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How to Create and Execute an Employer-Centric Job Search Strategy

How to Create and Execute an Employer-Centric Job Search Strategy

Job seekers at all levels are going about their searches all wrong. Instead of sending out résumés willy-nilly, they need to focus their effort on the employers who will be most receptive to hiring them.

Technology, globalization and changing workforce demographics have altered the way employers recruit everyone from entry-level talent to executive staff. Yet in spite of those changes, most candidates for jobs still begin their search for a new position the old-fashioned way -- by updating their résumé.

The problem with starting a job search by updating your résumé is that it's a case of putting the cart before the horse. Before you even consider dusting off your résumé, you need to first know the job opportunity for which you're updating it. With your target audience in mind, you can tailor the information on your résumé to the specific job opportunity you're pursuing. You want your résumé (and all your communications with prospective employers) to convince the hiring manager that you are uniquely positioned for his organization.

If you want to land a job quickly in this hypercompetitive market, you need to adopt an employer-centric approach to your search. That means identifying prospective employers that will want your unique skills and expertise first, then packaging yourself as a solution to their specific challenges. The most efficient and effective job search campaigns recognize the employer's needs, reflect their priorities and zoom right in with solutions in the form of the candidate's expertise.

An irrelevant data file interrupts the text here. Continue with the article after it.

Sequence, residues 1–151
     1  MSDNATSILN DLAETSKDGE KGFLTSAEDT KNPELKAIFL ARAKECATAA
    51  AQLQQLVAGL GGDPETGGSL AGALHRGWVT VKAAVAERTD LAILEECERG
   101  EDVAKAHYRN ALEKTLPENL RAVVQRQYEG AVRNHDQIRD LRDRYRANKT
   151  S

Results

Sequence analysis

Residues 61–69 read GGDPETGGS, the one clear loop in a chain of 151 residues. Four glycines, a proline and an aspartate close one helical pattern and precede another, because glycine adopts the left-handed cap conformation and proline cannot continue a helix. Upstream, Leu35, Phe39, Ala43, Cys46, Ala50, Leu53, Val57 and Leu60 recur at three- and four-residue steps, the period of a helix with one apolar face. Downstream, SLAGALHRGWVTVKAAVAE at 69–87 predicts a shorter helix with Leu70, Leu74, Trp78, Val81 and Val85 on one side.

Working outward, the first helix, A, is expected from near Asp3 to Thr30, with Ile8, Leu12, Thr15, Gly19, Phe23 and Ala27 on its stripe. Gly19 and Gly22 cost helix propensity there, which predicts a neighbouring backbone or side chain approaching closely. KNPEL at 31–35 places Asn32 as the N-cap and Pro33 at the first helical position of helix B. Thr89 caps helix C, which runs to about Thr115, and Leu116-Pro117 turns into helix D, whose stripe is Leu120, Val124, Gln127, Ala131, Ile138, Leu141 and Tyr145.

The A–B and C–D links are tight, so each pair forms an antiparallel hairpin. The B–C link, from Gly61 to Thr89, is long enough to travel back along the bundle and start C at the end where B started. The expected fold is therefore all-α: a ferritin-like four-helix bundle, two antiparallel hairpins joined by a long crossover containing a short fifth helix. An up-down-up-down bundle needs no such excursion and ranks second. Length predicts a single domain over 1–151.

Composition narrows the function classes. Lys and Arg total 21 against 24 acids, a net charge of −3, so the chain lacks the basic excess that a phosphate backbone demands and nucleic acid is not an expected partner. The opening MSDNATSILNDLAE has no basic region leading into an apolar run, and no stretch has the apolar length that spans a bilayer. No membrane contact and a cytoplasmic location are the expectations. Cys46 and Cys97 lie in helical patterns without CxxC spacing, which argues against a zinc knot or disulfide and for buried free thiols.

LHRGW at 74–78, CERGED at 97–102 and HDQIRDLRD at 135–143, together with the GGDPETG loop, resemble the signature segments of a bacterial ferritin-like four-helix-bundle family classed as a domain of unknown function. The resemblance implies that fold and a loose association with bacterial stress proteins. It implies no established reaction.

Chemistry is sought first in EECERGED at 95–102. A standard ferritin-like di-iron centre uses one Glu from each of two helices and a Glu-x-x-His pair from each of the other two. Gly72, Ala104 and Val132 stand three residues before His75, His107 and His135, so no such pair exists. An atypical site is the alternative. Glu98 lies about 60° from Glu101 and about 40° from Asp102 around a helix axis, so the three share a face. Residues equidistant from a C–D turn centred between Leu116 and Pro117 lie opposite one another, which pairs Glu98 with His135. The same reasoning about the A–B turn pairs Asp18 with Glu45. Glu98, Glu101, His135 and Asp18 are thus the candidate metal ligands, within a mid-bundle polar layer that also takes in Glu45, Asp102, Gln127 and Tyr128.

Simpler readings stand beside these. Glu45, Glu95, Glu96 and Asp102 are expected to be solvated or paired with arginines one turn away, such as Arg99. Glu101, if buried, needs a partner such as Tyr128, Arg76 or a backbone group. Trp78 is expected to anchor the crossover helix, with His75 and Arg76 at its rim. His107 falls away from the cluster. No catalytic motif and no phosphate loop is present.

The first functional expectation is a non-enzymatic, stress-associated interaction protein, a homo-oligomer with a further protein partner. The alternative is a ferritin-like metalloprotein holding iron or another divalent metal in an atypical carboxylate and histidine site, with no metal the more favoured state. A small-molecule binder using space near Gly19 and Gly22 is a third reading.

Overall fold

With New Year's resolutions to find a new job looming, here's a systematic framework for creating and conducting an employer-centric job search.

Describe your ideal employer. Give some thought to the kind of company for which you'd like to work. Consider the industry, size, location and ownership model (public or private). Also come up with a short list of companies that would value your expertise. Identify the synergies between the kinds of companies you want to work for and those that would benefit from your skills, and look for jobs in those areas. Having a clear picture of your ideal job will help you focus your efforts and assess prospective opportunities. Because job searching demands extraordinary effort, discipline, resources and time, you must focus on these target areas if you want to produce results efficiently.

It is most effective to appeal to a niche market. Spreading yourself too thin weakens your brand. Trying to be everything to everyone results in being nothing to everyone.

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